The Vale of Cedars eBook

Grace Aguilar
This eBook from the Gutenberg Project consists of approximately 347 pages of information about The Vale of Cedars.
but that it might take him from his Marie ere his wishes were accomplished, and her earthly happiness, as he thought, secured.  The first attack was but the forerunner of others, sometimes very slight and brief, at others longer and more alarming, rendering Marie more and more determined to keep her fatal secret from him; for it appeared to her that any stronger emotion than customary would be followed by those attacks; and as her love for him seemed to increase in intensity with the anxiety his precarious health occasioned, so did her dread of occasioning him aught of grief.  But how fruitless are our best and wisest resolutions!  One little hour, and every thought was changed.


  “Oh! praise me not—­
  Look gently on me, or I sink to earth
  Not thus.”


It was the custom of the inmates of the Vale of Cedars, once in every year, and generally about the season of Michaelmas, to celebrate a festival, which ordained the erection of a booth or tent of “branches of thick trees,” in which for seven days every meal was taken, and greater part of the day (except the time passed in the little Temple) was spent.  Large branches of the palm and cedar, the willow, acacia, and the oak, cut so as to prevent their withering for the seven days, formed the walls of the tent; their leaves intermingling over head, so as to form a shelter, and yet permit the beautiful blue of the heavens to peep within.  Flowers of every shade and scent formed a bordering within; and bouquets, richly and tastefully arranged, placed in vases filled with scented earth, hung from the branches forming the roof.  Fruit, too, was there—­the purple grape, the ripe red orange, the paler lemon, the lime, the pomegranate, the citron, all of which the vale afforded, adorned the board (which for those seven days was always spread within the tent), intermingled with cakes made by Marie.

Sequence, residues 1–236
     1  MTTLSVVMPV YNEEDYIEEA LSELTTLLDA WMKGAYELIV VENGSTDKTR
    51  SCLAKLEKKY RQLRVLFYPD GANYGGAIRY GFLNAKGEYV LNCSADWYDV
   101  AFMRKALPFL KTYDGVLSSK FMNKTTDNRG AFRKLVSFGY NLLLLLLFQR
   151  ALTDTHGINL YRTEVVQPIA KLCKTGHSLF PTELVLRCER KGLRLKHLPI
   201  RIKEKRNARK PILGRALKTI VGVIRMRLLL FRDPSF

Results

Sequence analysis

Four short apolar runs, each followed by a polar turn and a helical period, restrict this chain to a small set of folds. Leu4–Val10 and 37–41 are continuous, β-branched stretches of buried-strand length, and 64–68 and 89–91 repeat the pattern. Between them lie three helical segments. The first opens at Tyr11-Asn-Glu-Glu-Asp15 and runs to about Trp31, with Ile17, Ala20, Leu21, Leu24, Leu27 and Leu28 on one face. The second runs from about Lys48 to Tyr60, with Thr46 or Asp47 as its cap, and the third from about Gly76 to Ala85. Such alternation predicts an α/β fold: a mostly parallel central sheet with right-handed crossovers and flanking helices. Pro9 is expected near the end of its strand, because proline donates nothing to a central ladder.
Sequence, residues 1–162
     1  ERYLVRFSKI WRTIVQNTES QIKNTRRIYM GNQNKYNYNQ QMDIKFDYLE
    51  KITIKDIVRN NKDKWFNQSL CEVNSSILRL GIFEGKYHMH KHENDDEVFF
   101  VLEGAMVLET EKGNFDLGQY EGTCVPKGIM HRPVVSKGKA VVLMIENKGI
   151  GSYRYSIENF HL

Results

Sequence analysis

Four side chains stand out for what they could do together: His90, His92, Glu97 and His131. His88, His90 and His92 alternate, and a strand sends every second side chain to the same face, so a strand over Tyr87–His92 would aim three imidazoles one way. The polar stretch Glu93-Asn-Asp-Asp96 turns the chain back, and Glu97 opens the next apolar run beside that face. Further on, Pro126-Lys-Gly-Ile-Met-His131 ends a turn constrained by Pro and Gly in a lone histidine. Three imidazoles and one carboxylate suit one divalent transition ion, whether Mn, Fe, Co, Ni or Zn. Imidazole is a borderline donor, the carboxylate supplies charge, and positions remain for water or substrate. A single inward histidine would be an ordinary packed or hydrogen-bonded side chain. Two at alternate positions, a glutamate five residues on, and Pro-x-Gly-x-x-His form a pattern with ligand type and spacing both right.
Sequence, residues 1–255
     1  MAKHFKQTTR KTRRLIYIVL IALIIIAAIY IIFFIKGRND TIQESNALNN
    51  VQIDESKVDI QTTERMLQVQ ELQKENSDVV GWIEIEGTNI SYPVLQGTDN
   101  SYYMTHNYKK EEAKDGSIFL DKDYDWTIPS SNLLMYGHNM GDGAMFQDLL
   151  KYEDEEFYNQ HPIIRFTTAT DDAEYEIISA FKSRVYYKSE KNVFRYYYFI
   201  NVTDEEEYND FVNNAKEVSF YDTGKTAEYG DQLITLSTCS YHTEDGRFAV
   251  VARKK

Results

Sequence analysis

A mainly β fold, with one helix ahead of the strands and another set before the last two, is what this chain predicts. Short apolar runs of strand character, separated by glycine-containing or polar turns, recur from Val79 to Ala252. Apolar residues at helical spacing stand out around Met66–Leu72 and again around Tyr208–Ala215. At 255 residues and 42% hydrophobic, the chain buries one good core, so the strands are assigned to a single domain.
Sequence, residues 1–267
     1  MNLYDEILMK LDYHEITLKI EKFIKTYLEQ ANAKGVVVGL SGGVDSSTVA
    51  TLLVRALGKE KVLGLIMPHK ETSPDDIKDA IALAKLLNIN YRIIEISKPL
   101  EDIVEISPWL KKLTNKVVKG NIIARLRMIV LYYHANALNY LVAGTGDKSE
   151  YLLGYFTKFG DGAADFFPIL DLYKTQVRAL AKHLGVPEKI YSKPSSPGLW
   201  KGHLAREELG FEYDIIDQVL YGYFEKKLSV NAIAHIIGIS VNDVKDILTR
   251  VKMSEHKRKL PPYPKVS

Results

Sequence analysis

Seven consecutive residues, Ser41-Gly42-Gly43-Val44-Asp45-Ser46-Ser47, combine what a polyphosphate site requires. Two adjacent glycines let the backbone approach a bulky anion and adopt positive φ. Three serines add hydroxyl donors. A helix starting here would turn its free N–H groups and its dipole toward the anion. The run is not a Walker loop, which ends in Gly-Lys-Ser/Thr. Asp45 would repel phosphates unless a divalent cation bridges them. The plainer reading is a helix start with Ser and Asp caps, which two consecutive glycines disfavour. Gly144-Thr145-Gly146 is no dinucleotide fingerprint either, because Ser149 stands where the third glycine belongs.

This was one of the festivals for which many of the secret race would visit the vale; but it so happened that, this year, Manuel, his child, and their retainers, kept it alone—­a source of disappointment and anxiety to the former, whose health was rapidly (but still to his child almost invisibly) failing.  At the close of the solemn fast which always preceded by five days this festival of rejoicing, he had had a recurrence of his deathlike fits of insensibility, longer and more alarming than usual; but he had rallied, and attributed it so naturally to his long fast, that alarm once more gave place to hope in the heart of his daughter.  Not thus, however, felt her father—­convinced that death could not be long delayed, he but waited for his nephew’s appearance and acknowledged love for his cousin, at once to give her to him, and prepare her for the worst.  Parental anxiety naturally increased with every hour that passed, and Ferdinand appeared not.

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The Vale of Cedars from Project Gutenberg. Public domain.
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